Previous studies found that peripolar cells were positive to albumin, immunoglobulins, IgG [17], and transthyretin (TTR) [15], and 10% of the cells were positive to neuron-specific enolase (NSE) [18]. The NSE immunoreactivity is suggestive of a putative neuroendocrine role [19]. The presence of immunoreactive immunoglobulins and albumin can be explained by a glomerular leakage of plasma proteins [18]. This protein leakage is present in kidneys of newborn rats, due to the immaturity of the glomerular filtration barrier [20]. It has been suggested that there may be such a leakage (of IgG and TTR), in the developing kidneys of newborn sheep, that can be absorbed by peripolar cells [15]. Nevertheless, this filtration mechanism is not yet well understood.

As far as we know, this is the first study where a battery of antibodies was used to characterize peripolar cells in sheep.

The aim of our study was to perform histochemical and immunohistochemical analyses of peripolar cells in sheep, comparing their number according to the age of the animal, in both normal and lesioned kidneys. In the histochemical analysis, the samples were stained by HE, Toluidine Blue, PAS, and Masson’s Trichrome. In the immunohistochemical analysis, we used α-smooth muscle Actin, NSE, Chromogranin A, S100 Protein, desmin, Cox-2, AE1/AE3, and a Wide Spectrum Cytokeratin.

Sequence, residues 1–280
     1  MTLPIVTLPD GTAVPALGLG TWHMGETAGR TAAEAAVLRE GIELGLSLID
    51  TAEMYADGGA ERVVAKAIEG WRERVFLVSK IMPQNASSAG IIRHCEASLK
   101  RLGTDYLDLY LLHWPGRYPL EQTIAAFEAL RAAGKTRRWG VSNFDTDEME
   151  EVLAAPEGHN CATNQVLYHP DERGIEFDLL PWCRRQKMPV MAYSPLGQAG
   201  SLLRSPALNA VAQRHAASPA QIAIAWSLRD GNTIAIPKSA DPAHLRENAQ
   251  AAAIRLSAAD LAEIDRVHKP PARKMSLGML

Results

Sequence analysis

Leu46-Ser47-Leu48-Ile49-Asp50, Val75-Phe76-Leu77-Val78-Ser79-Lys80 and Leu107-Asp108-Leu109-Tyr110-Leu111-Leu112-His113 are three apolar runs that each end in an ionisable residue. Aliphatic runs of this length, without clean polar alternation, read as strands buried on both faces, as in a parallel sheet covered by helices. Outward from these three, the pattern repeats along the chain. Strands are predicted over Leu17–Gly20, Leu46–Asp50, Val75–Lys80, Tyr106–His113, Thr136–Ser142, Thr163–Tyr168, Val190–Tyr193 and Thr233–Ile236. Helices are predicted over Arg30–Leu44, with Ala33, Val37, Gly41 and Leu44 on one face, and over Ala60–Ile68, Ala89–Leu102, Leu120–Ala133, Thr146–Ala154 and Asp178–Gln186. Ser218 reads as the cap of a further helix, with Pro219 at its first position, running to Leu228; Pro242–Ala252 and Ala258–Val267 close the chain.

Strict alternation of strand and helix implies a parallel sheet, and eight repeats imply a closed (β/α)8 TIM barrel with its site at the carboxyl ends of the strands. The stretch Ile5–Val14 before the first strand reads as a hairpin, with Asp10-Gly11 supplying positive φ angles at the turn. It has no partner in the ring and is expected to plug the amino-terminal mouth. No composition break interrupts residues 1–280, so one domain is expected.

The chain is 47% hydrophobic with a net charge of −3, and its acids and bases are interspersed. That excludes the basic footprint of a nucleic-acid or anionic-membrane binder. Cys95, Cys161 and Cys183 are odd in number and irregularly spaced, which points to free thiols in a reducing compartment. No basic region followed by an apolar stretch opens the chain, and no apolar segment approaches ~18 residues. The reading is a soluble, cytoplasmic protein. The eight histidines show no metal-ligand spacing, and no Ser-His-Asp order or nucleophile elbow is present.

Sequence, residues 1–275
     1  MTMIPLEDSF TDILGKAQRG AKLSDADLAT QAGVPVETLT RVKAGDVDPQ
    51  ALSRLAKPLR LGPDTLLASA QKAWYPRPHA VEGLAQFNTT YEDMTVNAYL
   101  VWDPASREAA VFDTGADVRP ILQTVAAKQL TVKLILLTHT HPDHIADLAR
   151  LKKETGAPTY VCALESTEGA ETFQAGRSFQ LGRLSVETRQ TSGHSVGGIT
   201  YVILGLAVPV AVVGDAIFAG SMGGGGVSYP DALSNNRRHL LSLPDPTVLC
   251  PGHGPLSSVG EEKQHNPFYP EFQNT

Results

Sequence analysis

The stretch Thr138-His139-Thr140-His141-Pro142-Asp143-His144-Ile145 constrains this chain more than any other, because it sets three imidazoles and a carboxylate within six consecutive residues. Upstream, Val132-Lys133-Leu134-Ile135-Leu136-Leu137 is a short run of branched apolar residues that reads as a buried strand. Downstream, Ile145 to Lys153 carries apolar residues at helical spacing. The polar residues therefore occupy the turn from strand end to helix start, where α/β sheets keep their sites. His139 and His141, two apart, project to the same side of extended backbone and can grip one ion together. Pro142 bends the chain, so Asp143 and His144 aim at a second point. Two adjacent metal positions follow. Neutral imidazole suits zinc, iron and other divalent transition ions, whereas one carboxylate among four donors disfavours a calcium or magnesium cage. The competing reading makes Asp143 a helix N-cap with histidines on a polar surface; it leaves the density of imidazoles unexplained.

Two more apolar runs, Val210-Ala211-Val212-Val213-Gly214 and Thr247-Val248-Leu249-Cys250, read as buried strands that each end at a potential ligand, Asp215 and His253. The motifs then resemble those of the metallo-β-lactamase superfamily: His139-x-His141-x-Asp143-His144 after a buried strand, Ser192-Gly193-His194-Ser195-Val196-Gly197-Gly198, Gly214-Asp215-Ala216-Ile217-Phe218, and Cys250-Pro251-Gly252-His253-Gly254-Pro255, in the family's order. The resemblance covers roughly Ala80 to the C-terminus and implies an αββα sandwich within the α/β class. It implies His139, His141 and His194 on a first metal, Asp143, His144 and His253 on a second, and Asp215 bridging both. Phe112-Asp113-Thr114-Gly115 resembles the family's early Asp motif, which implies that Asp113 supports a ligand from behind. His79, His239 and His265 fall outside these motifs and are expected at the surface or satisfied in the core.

2. Materials and Methods

Our samples were composed of ten kidneys from male lambs (identified as R1 to R10) and ten kidneys from adult male sheep (R11 to R20), without visible macroscopic lesions. These were collected at a slaughterhouse and fixed in 10% neutral buffered formalin, embedded in paraffin, and sectioned at 3 μm for the histochemical and immunohistochemical study.